Photosynthesis: Plant Cells vs. Solar Cells
Photosynthesis: Plant cells vs.
Solar Cells Chevon Allen 01/23/2010 SCI-115 Professor Garcia Photosynthesis and the semiconductor-based solar cell are very similar process with different ways of reaching the same goal. In photosynthesis, plant cells harness the solar energy of the sun with carbon dioxide to transform water molecules into hydrogen, oxygen, and electrons. Just like photosynthesis, Semi conductor based solar cells harness the solar energy of the sun for the same purposes. Solar cells use a semiconductor material like Silicon (Si) to harvest the energy through; much like a plant uses its Chlorophyll to harness its energy. 2. ) Another similarity that can be shared between the two systems would be the way the energy is produced.
The light reactions of photosynthesis can be compared to the production of electricity by solar cells. This process is called photovoltaics. The electrons in the solar cell capture light energy and are boosted to a high energy level where they are accepted by the wire making up the electrical circuit. The electrons then do work, such as to run an electric motor. Then the electrons lost by the solar cell must be replenished. This is done by completing the electrical circuit.
In photosynthesis the electrons lost by the pigments involved are replaced by splitting water. (1. ) Although they have similar purposes for harvesting energy they are very different as well. Plants are less efficient at capturing the energy in sunlight than solar cells mostly because they have too much evolutionary baggage. Plants have to power a living thing, whereas solar cells only have to send electricity down a wire. This is a big difference because if photosynthesis makes a mistake, it makes toxic byproducts that kill the organism.
Photosynthesis has to be conservative to avoid killing the organisms it powers. Scientific Daily 2011). Another difference is during photosynthesis plant cells derive their energy directly from the sun while solar cells use panels. Majority of plants use the full intensity of sunlight but divert some of it to protect itself from damage. However, photovoltaics (solar cells) use the secondary material to gain that photo- conversion edge over plants.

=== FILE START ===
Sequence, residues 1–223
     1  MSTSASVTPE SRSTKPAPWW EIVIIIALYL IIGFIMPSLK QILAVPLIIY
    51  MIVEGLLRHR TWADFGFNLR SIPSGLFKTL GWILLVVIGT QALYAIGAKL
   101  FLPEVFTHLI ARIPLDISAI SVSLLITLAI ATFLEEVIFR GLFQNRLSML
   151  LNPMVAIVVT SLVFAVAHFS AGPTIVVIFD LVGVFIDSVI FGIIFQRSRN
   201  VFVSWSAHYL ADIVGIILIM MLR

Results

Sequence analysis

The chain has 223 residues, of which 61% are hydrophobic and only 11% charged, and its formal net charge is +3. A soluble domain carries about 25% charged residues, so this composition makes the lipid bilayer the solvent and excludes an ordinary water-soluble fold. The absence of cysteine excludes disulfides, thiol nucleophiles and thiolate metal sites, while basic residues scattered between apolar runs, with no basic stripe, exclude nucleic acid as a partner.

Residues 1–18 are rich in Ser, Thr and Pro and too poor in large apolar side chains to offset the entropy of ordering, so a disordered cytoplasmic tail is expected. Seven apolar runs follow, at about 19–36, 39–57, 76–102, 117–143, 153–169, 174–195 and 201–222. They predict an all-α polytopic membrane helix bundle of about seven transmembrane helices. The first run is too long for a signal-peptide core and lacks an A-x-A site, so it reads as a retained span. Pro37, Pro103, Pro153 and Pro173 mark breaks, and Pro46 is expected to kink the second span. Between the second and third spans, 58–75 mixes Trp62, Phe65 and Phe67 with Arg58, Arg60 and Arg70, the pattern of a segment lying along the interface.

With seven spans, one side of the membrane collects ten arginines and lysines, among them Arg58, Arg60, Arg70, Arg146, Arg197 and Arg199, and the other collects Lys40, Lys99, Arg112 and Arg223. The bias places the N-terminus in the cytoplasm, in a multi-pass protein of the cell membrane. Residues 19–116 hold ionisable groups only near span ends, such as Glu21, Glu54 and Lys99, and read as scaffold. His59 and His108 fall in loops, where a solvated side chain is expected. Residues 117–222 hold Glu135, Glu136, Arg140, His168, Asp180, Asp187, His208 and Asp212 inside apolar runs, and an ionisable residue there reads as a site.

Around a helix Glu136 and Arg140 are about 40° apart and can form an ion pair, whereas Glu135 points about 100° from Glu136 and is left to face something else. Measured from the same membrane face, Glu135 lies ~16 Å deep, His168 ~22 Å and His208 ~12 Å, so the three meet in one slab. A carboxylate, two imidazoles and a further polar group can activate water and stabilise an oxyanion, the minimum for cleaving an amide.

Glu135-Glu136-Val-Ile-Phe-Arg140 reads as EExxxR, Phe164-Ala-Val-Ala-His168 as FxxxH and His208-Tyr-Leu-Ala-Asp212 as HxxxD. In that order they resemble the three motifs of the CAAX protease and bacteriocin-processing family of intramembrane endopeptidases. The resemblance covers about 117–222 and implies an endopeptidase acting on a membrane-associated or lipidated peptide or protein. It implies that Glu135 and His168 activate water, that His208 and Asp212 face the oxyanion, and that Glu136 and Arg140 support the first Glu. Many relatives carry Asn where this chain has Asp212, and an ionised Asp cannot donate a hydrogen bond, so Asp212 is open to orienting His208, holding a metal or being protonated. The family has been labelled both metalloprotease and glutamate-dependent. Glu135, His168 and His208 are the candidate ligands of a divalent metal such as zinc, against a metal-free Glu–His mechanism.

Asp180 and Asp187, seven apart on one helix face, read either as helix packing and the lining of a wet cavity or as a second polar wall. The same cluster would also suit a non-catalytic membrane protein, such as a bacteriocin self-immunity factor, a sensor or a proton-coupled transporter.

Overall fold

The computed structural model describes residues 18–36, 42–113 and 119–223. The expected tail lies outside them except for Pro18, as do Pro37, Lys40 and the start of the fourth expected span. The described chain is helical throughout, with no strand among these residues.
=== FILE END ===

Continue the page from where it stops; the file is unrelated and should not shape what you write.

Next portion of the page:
Photosynthesis and Thermodynamics are very closely related. Thermodynamics is the branch of science dealing with the laws and theories related to energy in the universe. The first law of thermodynamics states energy can be neither created nor destroyed.In photosynthesis carbon dioxide and water give up electrons to form glucose and oxygen. In relation to solar cells it converts that solar energy into electricity to power a light bulb. The second law of Thermodynamics states that “in all energy exchanges, if no energy enters or leaves the system, the potential energy of the state will always be less than that of the initial state.
” This is true in photosynthesis because when carbon dioxide and water go through the process of becoming glucose and oxygen they lose electrons and the energy they began with is decreased because of the electron transfer. Laws of Thermodynamics, 2010) Throughout this paper we have discussed photosynthesis and the two very similar yet different ways of achieving it. With photosynthesis being one of the main sources of how plant, most bacterial, and small animals and organisms thrive it is comforting to know that we have a backup system to this wonderful process. Solar cells may not be as complex and may utilize more initial energy but Plant cells have the best way of processing photosynthesis. Sources used: 1.
Photovoltaics and Photosynthesis.Retrieved January 23,2012 from http://staff. jccc. net/pdecell/photosyn/solar. html 2. DOE/National Renewable Energy Laboratory (2011, May 12).
Improving photosynthesis? Solar cells beat plants at harvesting sun’s energy, for now. ScienceDaily. Retrieved January 22, 2012, from http://www. sciencedaily. com /releases/2011/05/110512151408.
htm 3. Farabee, M. (2010). LAWS OF THERMODYNAMICS. Retrieved January 23,2012 from http://www.
emc. maricopa. edu/faculty/farabee/biobk/biobookener1. html